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The crunch factor's role in golf-related low back pain

  • Michael H. Cole
    Correspondence
    Corresponding author. School of Exercise Science, Australian Catholic University, PO Box 456, Virginia, Queensland 4014, Australia. Tel.: (61) 7-3623-7674; fax: (61) 7-3623-7650.
    Affiliations
    School of Exercise Science, Faculty of Health Sciences, Australian Catholic University, PO Box 456, Virginia, Queensland 4014, Australia
    Search for articles by this author
  • Paul N. Grimshaw
    Affiliations
    School of Mechanical Engineering, Faculty of Engineering, Computer and Mathematical Sciences, The University of Adelaide, Adelaide, South Australia 5005, Australia
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Published:December 02, 2013DOI:https://doi.org/10.1016/j.spinee.2013.09.019

      Abstract

      Background context

      The golf swing exposes the spine to complex torsional, compressive, and shearing loads that increase a player's risk of injury. The crunch factor (CF) has been described as a measure to evaluate the risk of low back injuries in golfers and is based on the notion that lateral flexion and axial trunk rotation jointly contribute to spinal degeneration. However, few studies have evaluated the appropriateness of this measure in golfers with low back pain (LBP).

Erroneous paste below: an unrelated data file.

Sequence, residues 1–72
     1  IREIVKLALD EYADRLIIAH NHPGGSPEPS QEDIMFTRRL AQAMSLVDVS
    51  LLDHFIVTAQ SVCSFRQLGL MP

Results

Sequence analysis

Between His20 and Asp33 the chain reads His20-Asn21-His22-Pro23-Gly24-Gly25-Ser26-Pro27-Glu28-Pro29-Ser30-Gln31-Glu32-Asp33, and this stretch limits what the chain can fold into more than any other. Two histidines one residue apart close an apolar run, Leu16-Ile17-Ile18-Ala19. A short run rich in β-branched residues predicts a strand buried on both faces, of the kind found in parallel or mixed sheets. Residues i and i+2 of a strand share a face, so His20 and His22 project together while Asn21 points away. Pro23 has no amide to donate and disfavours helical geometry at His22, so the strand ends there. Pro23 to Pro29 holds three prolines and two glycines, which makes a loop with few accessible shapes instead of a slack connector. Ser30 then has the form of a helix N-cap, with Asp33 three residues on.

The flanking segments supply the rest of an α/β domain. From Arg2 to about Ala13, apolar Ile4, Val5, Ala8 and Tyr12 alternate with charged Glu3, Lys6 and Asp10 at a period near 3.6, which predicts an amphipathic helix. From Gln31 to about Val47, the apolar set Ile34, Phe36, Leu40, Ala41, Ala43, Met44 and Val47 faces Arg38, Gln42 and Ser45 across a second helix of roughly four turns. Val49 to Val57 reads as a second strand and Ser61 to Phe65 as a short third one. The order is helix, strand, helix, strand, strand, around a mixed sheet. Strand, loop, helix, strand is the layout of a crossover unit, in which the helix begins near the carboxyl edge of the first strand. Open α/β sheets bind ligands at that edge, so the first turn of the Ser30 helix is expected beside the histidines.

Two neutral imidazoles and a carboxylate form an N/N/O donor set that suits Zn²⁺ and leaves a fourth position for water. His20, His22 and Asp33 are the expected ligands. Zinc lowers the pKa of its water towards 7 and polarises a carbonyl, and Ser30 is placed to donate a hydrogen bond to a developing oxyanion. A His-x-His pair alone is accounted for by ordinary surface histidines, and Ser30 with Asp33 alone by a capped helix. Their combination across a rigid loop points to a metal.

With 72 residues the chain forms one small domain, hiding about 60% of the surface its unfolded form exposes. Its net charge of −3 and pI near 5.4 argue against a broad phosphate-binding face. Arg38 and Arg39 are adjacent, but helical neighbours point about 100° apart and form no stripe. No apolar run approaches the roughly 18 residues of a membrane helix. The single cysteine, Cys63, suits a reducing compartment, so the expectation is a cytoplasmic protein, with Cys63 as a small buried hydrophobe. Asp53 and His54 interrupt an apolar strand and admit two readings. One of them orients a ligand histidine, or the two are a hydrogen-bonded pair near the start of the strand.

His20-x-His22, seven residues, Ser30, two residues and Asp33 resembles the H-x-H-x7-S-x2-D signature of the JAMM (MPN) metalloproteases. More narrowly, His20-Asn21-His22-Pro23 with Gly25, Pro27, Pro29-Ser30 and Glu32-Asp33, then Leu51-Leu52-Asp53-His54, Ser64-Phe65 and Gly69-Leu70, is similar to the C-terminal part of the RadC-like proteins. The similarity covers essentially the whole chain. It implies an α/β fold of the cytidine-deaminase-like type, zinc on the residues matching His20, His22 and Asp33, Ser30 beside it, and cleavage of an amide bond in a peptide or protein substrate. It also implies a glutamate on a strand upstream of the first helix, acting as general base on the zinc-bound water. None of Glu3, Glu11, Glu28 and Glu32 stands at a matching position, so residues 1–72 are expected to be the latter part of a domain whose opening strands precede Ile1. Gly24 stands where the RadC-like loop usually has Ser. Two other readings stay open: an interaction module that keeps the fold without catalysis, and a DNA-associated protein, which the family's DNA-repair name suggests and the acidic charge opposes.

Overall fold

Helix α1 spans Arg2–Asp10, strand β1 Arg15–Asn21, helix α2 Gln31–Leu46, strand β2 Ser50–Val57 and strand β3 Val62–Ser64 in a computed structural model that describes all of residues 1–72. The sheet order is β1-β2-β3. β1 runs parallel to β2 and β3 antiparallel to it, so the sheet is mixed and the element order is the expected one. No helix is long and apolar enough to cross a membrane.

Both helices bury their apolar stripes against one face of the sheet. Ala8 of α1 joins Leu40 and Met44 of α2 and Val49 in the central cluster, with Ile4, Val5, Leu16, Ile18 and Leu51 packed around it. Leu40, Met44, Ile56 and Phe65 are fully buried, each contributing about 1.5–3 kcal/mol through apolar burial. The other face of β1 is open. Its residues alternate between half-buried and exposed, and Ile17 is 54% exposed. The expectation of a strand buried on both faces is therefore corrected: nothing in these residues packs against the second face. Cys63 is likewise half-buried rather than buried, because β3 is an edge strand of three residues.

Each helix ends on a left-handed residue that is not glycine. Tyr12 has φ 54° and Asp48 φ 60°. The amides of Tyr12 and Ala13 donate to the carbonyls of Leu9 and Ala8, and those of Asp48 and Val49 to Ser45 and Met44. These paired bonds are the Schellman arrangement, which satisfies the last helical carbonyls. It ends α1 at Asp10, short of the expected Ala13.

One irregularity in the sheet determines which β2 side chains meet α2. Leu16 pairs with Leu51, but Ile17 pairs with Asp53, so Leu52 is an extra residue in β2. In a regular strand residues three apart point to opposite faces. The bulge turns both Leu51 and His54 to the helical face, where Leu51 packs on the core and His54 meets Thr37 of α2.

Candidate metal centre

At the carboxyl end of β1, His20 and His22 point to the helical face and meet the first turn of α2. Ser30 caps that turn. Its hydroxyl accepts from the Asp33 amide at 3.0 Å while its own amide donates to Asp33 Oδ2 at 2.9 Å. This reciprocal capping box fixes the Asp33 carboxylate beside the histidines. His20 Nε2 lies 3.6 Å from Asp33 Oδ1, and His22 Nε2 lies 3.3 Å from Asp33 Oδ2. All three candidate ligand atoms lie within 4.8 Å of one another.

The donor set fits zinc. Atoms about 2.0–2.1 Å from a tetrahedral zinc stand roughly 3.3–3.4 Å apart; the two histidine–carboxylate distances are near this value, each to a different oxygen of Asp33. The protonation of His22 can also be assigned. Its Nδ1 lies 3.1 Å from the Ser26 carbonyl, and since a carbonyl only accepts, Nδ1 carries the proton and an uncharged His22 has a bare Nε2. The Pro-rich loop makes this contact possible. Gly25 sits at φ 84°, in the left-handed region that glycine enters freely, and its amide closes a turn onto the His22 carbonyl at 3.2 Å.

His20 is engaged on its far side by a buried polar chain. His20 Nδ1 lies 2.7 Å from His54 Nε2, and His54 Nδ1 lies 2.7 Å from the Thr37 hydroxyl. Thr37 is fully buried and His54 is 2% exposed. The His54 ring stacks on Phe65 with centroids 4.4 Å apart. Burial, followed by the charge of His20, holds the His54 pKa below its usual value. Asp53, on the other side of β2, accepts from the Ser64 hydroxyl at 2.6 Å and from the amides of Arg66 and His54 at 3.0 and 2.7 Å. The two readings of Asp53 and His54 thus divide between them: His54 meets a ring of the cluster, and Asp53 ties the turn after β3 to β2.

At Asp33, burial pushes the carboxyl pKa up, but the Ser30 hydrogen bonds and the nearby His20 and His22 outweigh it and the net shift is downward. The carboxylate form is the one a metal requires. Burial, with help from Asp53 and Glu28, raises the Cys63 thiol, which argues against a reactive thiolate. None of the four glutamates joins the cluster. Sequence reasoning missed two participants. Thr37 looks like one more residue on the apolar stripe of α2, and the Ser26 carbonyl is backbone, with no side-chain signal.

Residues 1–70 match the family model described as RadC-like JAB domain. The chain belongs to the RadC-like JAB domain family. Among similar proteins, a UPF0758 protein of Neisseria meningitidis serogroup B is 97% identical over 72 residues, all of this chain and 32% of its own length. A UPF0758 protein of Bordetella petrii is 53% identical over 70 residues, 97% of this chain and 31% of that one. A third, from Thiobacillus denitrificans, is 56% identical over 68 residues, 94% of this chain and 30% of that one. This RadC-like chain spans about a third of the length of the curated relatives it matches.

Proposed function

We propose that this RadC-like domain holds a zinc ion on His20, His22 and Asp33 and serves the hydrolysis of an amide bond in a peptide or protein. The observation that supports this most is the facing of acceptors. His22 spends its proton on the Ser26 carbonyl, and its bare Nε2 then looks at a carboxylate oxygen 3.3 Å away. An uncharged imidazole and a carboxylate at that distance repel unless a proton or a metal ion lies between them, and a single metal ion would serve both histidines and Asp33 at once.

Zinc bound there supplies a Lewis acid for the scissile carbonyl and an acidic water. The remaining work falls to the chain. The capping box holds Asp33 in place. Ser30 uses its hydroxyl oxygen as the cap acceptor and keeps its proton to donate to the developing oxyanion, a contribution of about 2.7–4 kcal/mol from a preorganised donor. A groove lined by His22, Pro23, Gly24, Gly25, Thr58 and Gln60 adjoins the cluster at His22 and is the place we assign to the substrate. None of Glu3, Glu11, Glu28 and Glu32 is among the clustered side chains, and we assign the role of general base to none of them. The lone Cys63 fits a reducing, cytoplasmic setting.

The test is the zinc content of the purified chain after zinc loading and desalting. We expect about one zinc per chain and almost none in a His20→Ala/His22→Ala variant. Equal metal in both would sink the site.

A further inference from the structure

Purpose

      To objectively examine the usefulness of the CF as a measure for assessing the risk of low back injury in golfers.

      Study design

      Field-based research using a cross-sectional design.

      Methods

      This research used three-dimensional motion analysis to assess the golf swings of 12 golfers with LBP and 15 asymptomatic controls. Three-dimensional kinematics were derived using Vicon Motus, and the CF was calculated as the instantaneous product of axial trunk rotation velocity and lateral trunk flexion angle.

      Results

      Maximum CFs and their timings were not significantly different between the symptomatic and asymptomatic groups. Furthermore, for those golfers who produced higher CFs (irrespective of the group), the increased magnitude could not be attributed to an increased axial angular trunk velocity or lateral flexion angle, but rather to a concomitant increase in both of these variables.

      Conclusions

      The findings suggested that although the fundamental concepts that underpin the CF seem sensible, this measure does not appear to be sensitive enough to distinguish golfers with LBP from the asymptomatic players.

      Keywords

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